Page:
A while back, Morgan Guyton wrote:
If I am following the lead of Paul the apostle of grace who championed the Gentiles, then I’m going to read the Bible with a slant to justify whichever outsider the insiders are defining themselves against in order to legitimate their privilege and power.
Paul would have miserably failed his Hebrew exegesis class in seminary if he turned in any of his epistles as a term paper. He interpreted the Bible with a heavily biased and wildly opportunistic methodology defined by the agenda of widening the kingdom of God and creating a radically different means of ordering humanity: the body of Christ. To say “for all are one in Christ” does not solely mean that everyone is “equally” forgiven or “equally” important. It doesn’t just mean that Christians vaguely have a sense of belonging to the same club. It means that the Spirit’s ordering of the body of Christ supplants every us/them binary that we try to use to order our communities. The degree to which we cling to those binaries is the degree to which we have prevented the body of Christ from being fully manifested.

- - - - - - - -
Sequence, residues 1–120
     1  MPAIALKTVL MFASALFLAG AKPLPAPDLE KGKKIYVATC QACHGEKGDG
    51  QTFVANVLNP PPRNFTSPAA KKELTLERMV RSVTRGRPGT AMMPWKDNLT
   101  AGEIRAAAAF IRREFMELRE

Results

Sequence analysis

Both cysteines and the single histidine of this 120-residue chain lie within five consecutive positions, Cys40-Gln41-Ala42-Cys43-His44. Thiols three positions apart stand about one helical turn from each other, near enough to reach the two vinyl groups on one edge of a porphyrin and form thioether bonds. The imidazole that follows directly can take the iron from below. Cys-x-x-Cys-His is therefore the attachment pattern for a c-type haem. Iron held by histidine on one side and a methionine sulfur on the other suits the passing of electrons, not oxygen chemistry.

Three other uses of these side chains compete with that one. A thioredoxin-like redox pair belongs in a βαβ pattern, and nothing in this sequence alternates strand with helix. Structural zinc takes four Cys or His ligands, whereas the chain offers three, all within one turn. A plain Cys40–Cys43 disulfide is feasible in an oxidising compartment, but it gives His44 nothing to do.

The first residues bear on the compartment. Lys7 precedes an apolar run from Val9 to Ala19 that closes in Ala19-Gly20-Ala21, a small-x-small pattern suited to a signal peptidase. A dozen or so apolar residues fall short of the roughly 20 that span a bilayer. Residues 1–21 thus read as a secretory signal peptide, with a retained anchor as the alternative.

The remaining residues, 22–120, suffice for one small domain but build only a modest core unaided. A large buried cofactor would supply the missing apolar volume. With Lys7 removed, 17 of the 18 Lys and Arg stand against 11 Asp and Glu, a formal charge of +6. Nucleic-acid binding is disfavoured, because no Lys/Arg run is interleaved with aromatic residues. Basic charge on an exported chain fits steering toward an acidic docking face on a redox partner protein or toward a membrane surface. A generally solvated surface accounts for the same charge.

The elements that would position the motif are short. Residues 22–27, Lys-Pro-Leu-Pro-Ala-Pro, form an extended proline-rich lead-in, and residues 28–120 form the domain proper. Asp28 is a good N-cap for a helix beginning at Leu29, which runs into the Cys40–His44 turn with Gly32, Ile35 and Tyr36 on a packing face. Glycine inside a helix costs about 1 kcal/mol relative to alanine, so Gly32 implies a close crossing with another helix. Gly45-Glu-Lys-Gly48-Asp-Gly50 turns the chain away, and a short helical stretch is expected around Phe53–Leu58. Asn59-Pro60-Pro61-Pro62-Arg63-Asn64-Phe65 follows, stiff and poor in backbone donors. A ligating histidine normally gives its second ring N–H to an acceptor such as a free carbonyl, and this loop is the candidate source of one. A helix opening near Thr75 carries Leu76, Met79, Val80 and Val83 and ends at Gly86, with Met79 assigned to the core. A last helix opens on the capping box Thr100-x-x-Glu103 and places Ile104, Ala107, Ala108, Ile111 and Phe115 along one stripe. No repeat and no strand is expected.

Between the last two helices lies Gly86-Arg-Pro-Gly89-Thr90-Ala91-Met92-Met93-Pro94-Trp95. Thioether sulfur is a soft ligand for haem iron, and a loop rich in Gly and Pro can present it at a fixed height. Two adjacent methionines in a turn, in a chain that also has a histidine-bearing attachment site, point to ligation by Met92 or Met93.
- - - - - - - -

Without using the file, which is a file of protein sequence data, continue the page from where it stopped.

Do you agree with his statement that, if exegesis had been taught in Paul’s time the way that it is today, Paul would have failed his class? Why or why not?
More importantly, is it worth failing the class if necessary, to stand on the side of inclusion?